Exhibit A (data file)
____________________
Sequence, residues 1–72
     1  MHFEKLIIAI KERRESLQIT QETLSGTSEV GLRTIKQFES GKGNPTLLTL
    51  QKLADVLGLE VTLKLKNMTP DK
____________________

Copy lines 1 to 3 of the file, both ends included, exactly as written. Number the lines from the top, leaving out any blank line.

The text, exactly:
Sequence, residues 1–72
     1  MHFEKLIIAI KERRESLQIT QETLSGTSEV GLRTIKQFES GKGNPTLLTL
    51  QKLADVLGLE VTLKLKNMTP DK